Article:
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Here are options for tenants as federal eviction moratorium expires Aug. 1

As the federal eviction moratorium ends we look at the latest data, talk with a group assisting tenants and a landlord.

DENVER — When the clock strikes midnight Sunday, the federal eviction moratorium will expire due to Congress' failure to push through a last-minute extension to the moratorium Friday. Some house Democrats opposed it.

"In Colorado approximately 180,000 people live in households that are behind on the rent,” said Executive Director, COVID-19 Eviction Defense Project, Zach Neumann.

If tenants don't act fast, some could be out without a roof over their heads. Some may try to work things out with their landlord. Others may not want an eviction on their record, so they move out and go to a hotel, shelter or with family. Others will face an eviction notice where they have to face their landlord in court.

What's scary now is if you are behind on your rent, you're suddenly on a timeline,” Neumann said.

But Gov. Jared Polis stopped by signing a new executive order to give tenants more time to apply.

"Normally you have a 10-day notice period to make payment on the rent once the landlord puts the notice on your door. If you've applied for rental assistance you have 30 days instead of those 10 days,” Neumann said.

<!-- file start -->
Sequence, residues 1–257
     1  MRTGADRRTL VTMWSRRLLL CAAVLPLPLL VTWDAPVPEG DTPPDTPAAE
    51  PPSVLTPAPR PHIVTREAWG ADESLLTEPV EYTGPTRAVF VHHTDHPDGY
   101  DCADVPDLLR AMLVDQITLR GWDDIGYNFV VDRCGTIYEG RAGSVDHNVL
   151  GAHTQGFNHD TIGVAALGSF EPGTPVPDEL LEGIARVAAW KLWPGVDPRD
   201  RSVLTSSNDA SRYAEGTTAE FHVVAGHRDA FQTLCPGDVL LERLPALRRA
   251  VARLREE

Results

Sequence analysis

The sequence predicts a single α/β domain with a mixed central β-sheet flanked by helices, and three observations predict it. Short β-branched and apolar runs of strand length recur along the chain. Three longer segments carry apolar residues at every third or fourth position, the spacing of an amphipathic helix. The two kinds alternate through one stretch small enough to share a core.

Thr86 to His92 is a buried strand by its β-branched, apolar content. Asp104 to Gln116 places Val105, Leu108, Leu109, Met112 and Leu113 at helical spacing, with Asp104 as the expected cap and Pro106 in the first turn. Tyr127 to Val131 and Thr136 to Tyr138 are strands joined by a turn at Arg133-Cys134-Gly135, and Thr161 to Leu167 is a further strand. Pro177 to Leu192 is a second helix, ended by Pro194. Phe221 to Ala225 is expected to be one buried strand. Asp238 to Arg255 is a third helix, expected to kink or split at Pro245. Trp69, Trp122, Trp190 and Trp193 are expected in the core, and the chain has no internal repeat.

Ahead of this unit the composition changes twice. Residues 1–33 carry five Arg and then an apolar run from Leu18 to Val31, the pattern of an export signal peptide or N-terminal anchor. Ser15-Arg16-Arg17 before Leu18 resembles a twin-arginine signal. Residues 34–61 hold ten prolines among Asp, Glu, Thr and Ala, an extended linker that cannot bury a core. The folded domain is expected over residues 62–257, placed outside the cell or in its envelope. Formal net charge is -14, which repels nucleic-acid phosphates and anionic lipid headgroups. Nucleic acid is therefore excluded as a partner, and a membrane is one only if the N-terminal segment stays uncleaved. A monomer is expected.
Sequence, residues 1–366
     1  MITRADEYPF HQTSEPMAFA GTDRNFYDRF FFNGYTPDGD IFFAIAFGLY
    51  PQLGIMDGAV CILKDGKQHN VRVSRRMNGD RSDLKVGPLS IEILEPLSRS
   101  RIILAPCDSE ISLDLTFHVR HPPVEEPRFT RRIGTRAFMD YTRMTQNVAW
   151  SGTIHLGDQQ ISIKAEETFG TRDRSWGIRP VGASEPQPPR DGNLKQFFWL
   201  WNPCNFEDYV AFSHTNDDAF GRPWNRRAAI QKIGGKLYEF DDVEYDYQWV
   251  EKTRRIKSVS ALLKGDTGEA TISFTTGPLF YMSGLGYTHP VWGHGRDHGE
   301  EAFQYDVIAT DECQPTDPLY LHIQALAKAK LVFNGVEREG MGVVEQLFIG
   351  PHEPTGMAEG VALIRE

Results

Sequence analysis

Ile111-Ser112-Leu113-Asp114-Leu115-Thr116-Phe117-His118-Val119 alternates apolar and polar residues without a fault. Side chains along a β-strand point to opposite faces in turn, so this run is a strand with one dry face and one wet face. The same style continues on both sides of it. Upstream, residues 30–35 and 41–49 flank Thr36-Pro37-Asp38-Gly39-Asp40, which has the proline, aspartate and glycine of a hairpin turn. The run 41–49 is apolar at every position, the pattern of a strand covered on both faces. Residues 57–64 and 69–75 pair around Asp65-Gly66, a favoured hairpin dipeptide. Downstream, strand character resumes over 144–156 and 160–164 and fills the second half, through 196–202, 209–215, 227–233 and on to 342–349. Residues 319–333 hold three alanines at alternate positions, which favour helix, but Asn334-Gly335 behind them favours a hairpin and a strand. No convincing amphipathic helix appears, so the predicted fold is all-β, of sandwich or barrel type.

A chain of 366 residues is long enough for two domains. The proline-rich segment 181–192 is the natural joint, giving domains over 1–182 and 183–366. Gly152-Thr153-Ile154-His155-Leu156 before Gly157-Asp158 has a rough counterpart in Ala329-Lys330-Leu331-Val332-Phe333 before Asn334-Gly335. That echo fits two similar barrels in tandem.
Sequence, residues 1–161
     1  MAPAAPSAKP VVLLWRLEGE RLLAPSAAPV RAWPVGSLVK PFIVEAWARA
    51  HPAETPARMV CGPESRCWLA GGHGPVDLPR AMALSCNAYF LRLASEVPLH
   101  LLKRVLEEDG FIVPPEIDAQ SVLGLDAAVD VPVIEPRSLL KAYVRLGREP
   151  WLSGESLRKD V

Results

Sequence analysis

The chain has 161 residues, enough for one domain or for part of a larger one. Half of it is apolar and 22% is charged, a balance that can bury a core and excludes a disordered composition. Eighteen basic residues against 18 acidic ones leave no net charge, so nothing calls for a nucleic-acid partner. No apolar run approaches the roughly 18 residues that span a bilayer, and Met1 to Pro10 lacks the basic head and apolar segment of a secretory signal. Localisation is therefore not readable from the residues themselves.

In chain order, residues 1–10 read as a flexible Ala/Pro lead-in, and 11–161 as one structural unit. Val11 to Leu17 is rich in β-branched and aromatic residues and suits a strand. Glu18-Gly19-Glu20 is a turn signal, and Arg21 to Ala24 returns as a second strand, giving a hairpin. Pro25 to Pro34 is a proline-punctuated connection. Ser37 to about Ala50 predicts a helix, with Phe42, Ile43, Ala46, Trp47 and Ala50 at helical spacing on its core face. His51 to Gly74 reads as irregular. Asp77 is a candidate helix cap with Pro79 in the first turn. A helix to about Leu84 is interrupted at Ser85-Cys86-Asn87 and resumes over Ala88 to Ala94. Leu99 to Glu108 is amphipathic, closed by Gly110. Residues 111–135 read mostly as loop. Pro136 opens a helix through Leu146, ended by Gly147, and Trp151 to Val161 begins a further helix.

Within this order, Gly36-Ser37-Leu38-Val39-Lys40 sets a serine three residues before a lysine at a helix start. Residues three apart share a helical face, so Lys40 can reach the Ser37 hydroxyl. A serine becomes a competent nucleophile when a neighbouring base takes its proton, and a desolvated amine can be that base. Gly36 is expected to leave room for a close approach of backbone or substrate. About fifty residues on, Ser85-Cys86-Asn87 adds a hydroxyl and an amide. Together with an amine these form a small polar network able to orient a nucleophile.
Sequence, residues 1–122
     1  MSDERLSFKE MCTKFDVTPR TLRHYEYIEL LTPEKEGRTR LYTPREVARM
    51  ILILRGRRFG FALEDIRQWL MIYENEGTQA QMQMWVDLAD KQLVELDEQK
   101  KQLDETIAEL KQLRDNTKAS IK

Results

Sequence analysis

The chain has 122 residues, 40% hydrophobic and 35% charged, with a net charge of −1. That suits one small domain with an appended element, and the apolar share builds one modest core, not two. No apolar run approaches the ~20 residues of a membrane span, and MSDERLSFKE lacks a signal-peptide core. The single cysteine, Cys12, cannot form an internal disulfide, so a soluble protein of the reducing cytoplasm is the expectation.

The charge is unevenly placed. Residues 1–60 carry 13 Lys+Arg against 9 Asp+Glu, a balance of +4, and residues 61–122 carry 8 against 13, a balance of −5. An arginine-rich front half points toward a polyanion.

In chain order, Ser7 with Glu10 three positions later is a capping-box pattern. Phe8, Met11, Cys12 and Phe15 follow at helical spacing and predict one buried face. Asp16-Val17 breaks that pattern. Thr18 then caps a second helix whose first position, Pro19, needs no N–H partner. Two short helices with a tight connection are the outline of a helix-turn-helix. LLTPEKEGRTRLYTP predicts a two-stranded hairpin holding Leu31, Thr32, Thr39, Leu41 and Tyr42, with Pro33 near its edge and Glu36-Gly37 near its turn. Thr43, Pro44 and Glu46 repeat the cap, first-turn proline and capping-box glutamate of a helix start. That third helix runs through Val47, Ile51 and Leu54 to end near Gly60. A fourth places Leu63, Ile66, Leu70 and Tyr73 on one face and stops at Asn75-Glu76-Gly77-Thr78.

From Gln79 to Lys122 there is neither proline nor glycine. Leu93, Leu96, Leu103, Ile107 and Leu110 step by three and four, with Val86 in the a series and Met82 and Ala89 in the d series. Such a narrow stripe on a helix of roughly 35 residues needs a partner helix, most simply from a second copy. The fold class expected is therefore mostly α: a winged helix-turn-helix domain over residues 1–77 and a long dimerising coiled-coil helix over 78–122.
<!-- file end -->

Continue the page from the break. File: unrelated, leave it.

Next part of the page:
There have been 877 evictions executed by the Denver Sheriff's Office since March 5th, 2020, 9Wants to Know Investigative Data Producer Zack Newman found. The two most significant eviction months were October 2020, with 114 evictions. And June 2021 with 103 evictions.

"This is the moment to work together. Landlords work with your tenants, apply for that rental assistance, get those balances taken care of,” Neumann said.

Balances some landlords don’t believe will ever be paid.

"It's like watching the meter at the gas pump go around. The money that you are putting out. And it's like this is coming out of pocket. I may have to sell this home at foreclosure because I now can't afford to keep it,” said landlord Ann Janitell.

Ideally, Janitell would like an incentive from the government since so many landlords have allowed tenants to live rent-free. But landlords have been tasked with keeping up with the property out of their own pockets.

"Since we as the government required to provide housing free of charge for this period of time. We will waive your property taxes for that period of time,” Janitell said.

If you are facing eviction, you should seek counsel and apply for federal rental assistance through the department of local affairs.

Renters who may need assistance with rent when the moratorium expires can use the following resources:

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